'Look at new areas'
SBAJ director encourages MSMEs to diversify beyond soaps and oils
Opal Levy, SBAJ director

WITH a large cross section of small businesses concentrated in retail trade, an association head has recommended the need for more operators to diversify focus and to tap into higher-value areas.

Speaking at a recent Jamaica Observer Business Forum, Opal Levy, director of membership for the Small Business Association of Jamaica (SBAJ), spoke to some "new and innovative areas" from which micro, small and medium-sized enterprises (MSMEs) could reap significant benefits if tapped for new opportunities.

"We can look at garbage [waste] disposal and the cost of energy in the country. This is an exciting area which, in other countries globally such as Germany, businesses are being developed to focus on converting waste to energy. We could also look at solar energy and how we can create devices to trap energy, to reduce some of the current cost in this area.

"There are quite a number of opportunities that reside here in Jamaica… it's just that we need to have the minds and the resilience, as these are not easy projects on which we can just step in and begin to engage," she told journalists during the forum held last week.

Levy, who participated in the forum virtually on behalf of the association's president, Michael Leckie, said that while these projects were also not necessarily cheap, access to capital from organisations such as the Development Bank of Jamaica (DBJ) could provide the funds needed to venture into these other types of businesses for which the returns on investment are believed to be much greater.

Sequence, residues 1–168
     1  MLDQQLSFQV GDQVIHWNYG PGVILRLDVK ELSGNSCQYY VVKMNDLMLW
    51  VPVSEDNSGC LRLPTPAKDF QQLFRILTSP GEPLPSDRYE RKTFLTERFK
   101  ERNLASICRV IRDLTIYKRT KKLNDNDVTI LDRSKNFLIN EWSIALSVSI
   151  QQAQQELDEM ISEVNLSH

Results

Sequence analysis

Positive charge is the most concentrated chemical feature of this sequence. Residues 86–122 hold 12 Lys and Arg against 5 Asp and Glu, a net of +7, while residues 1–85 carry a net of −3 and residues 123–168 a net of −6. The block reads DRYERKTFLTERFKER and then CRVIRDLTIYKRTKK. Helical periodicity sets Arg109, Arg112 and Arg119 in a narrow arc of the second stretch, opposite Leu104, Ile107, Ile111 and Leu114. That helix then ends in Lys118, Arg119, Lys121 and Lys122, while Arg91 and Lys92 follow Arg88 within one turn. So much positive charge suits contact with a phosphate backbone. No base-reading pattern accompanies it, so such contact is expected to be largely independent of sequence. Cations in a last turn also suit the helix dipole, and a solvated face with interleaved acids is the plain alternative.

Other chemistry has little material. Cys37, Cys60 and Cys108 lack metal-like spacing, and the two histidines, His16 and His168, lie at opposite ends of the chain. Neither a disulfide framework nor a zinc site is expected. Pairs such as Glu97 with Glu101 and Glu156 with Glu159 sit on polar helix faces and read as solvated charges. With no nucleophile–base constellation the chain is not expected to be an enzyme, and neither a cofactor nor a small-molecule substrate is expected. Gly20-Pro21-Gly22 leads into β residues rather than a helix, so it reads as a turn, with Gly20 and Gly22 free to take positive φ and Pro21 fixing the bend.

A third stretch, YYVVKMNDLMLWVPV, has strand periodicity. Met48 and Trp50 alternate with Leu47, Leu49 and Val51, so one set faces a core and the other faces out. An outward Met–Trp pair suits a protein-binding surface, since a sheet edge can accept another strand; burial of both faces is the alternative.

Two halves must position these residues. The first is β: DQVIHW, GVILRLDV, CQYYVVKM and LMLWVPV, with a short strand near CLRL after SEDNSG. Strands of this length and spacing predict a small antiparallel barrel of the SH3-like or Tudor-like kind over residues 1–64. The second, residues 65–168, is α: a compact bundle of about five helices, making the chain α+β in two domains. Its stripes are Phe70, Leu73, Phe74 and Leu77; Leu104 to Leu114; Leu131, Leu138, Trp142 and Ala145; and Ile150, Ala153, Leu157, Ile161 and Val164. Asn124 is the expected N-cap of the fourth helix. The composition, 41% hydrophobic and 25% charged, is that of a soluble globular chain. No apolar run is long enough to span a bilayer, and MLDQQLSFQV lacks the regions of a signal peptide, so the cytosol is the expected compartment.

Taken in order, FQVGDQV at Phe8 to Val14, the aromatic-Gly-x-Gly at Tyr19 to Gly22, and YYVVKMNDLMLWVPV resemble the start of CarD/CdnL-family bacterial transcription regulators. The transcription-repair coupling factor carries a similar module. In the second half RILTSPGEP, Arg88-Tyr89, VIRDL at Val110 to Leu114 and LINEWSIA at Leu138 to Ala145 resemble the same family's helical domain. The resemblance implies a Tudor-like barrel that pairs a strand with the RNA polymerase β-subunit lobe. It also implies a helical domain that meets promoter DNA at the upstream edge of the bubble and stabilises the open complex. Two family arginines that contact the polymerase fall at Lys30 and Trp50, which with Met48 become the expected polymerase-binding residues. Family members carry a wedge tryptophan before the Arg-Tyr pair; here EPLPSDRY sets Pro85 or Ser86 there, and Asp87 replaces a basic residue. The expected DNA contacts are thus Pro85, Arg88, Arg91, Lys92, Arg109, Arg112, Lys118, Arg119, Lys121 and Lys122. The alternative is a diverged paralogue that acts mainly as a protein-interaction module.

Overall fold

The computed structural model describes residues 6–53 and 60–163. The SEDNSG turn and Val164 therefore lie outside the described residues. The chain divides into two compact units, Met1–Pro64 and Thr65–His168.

"The truth is this…we can't continue to think small. As small businesses we have to identify key areas in our environment, industries and country that need attention, and begin to determine how we can put minds together to [conceptualise and execute] a plan to enact change. It can't just be about soaps and oils and other cosmetic products; we must look at new areas. Entrepreneurship is about challenging the status quo. It's not about doing things the same way — it is about taking risks," Levy opined.

She admitted that while the local ecosystem that supports small businesses is in no way perfect, there are opportunities available on which entrepreneurs are called to capitalise.

"We need to innovate and to begin to do things differently," she trumpeted.

The SBAJ director said that with almost 50 per cent of companies within its membership having had to close down operations following the outbreak of the novel coronavirus pandemic, some of which have not reopened, there has become a need for greater diversity to ensure the viability of business models so as to withstand shocks in times of adversity.

She emphasised that with the majority of MSMEs gravitating towards doing the same products, a concerted effort must be made to redirect focus and inspire creativity.

"Through our education programmes we have been working with the DBJ through their IGNITE programme in trying to see how best we can redirect some of these businesses to engage in more innovative thinking and to help them in becoming a differentiator in the market," she stated, noting that with only 2.7 million people making up the local population and thus available to buy from these businesses, as a country there is also the need to strengthen our global reach, encouraging businesses to turn their attention towards competing on price and quality in the larger international markets.

Kellaray Miles

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